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              Thyrotoxic periodic paralysis in the United States. Report of 7 cases and review of the literature.

              Although hypokalemic periodic paralysis is a common complication of hyperthyroidism among Asian populations, it is an uncommon problem in the United States. The recent experience in an American medical center with 7 patients with thyrotoxic periodic paralysis (TPP) is reviewed. Compared to most descriptions of this disorder, which tend to reflect the international experience with this disease, patients with TPP in the United States reflect the ethnic makeup of the local population: the predisposition of patients of Asian origin is very evident, but whites are more frequently affected than most previous reports have recognized. Hispanics and American Indians also appear to be at increased risk, and blacks have also been affected. Except for the fact that hyperthyroidism is an absolute requirement for expression of the disease, TPP is identical to familial periodic paralysis (FPP) in its clinical presentation. TPP affects predominantly males (to an even greater degree than FPP), is rarely associated with a positive family history, and has a later onset of presentation than FPP (reflecting the need for hyperthyroidism to occur before the disorder can be expressed). Graves disease is the most common cause of hyperthyroidism in affected patients, but any cause of thyrotoxicosis (including administration of excessive amounts of exogenous thyroid hormone) can trigger attacks of TPP in susceptible subjects. Clinical features of thyroid disease may be very subtle or virtually nonexistent; as a result, thyroid function tests should be routinely monitored in patients with features of hypokalemic paralysis. The pathophysiology of the disorder is not well understood. Definitive treatment of hyperthyroidism leads to cessation of periodic hypokalemic paralysis, but symptoms can return with recurrence of the hyperthyroid condition. Potassium administration during an acute attack will shorten the duration of the episode, and treatment with propranolol, potassium supplementation, or spironolactone may prevent attacks in some patients.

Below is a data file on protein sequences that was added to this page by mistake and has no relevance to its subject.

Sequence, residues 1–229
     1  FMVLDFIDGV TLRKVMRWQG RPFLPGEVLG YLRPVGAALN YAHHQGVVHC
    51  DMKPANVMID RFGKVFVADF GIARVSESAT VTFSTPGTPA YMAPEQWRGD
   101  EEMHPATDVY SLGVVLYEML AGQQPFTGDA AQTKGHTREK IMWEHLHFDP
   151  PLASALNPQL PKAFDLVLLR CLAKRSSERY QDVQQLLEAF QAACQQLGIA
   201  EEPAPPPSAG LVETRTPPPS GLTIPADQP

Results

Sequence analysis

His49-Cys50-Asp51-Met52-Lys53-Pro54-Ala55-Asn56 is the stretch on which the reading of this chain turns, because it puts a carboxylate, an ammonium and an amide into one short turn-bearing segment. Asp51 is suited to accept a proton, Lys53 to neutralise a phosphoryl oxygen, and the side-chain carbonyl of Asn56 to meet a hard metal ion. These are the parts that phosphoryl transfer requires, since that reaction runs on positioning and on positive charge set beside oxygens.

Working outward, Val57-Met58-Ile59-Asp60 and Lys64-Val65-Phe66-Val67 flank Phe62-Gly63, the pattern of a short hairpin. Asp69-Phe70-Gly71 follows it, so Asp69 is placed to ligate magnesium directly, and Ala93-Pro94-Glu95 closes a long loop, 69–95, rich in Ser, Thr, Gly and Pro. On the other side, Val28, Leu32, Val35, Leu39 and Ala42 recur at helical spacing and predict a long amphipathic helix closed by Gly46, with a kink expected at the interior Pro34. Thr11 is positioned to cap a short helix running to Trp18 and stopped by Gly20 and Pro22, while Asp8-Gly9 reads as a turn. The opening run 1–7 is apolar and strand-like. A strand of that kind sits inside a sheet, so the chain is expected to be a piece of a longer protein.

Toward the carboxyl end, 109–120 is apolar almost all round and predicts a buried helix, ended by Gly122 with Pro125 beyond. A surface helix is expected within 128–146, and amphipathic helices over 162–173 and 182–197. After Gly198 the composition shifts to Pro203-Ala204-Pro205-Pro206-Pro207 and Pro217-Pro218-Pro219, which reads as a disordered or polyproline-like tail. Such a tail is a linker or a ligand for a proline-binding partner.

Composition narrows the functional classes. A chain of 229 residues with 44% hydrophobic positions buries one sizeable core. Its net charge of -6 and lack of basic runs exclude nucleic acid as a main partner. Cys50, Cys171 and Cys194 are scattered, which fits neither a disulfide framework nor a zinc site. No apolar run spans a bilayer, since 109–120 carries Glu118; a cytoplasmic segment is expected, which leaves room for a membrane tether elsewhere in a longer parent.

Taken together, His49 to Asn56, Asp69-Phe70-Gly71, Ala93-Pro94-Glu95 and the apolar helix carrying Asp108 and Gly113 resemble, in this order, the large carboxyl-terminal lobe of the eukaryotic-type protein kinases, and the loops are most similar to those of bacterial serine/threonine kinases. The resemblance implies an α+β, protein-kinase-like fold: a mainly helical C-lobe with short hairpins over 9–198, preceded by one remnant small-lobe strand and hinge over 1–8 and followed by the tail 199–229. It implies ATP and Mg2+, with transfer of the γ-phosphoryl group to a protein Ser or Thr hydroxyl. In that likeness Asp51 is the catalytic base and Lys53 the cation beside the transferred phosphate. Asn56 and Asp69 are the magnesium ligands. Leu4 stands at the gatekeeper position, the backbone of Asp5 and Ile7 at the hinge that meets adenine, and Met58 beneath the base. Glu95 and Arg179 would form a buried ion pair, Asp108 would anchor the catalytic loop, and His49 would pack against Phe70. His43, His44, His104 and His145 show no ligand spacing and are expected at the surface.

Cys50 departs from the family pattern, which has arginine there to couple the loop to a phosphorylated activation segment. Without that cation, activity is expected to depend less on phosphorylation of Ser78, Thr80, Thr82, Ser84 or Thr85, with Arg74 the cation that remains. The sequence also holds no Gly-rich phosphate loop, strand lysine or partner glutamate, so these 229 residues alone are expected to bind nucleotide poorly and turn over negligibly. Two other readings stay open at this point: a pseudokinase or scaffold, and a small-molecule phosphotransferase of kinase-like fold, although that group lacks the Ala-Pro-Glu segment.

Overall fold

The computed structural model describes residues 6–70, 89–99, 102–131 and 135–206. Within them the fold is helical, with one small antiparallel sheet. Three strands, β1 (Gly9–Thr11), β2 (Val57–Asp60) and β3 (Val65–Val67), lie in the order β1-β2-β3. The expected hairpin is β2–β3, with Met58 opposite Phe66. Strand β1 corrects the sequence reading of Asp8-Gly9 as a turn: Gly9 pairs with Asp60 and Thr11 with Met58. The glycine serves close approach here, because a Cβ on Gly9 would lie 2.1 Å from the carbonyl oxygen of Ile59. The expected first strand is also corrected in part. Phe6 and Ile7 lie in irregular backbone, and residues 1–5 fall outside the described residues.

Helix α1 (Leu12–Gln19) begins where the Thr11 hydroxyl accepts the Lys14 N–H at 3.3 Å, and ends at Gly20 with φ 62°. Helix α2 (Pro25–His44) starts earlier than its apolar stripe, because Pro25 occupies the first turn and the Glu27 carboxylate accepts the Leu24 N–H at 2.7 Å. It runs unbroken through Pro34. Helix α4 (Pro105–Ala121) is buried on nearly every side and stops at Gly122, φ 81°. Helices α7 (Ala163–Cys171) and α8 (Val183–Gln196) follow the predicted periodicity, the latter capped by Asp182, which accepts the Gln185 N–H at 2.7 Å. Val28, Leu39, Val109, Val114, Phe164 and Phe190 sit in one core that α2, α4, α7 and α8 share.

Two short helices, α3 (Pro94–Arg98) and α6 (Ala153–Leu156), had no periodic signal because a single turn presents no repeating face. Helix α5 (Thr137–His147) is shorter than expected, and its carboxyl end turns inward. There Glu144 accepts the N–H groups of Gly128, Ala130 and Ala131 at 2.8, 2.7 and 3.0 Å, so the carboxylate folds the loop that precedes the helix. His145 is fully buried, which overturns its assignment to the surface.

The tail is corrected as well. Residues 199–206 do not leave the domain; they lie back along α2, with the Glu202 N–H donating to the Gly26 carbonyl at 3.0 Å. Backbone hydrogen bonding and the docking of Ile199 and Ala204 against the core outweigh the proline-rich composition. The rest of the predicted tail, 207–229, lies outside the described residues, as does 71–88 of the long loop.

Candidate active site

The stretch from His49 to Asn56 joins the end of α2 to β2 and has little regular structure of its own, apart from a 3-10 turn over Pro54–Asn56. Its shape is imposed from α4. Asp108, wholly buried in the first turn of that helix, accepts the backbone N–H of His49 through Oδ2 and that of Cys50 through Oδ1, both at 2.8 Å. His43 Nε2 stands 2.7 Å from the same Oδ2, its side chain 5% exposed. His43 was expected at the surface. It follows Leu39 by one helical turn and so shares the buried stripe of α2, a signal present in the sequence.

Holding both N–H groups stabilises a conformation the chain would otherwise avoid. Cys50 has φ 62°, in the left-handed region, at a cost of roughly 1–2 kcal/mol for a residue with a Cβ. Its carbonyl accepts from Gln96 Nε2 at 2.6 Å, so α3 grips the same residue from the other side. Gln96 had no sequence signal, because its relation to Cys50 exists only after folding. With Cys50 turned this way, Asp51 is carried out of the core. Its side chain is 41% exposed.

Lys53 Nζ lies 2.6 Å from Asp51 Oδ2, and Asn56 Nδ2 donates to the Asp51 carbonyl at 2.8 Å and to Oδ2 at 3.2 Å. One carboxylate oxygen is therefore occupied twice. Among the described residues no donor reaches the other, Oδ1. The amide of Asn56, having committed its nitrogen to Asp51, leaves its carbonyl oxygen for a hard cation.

Author and article information

                Blood Purif
                Blood Purification
                S. Karger AG
                July 2014
                27 May 2014
                : 37
                : 3
                : 188
                aDepartment of Medicine, Nephrology and Internal Medicine and bEmergency Department, University Hospital of Padua, Padua, Italy
                Author notes
                *Lorenzo A Calò MD, PhD, Department of Medicine (DIMED), Clinica Medica 4, Hypertension and Nephrology Unit, University of Padua, Via Giustiniani 2, IT-35128 Padua (Italy), E-Mail
                360274 Blood Purif 2014;37:188
                © 2014 S. Karger AG, Basel

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                Page count
                Pages: 1
                Letter to the Editor

                Cardiovascular Medicine, Nephrology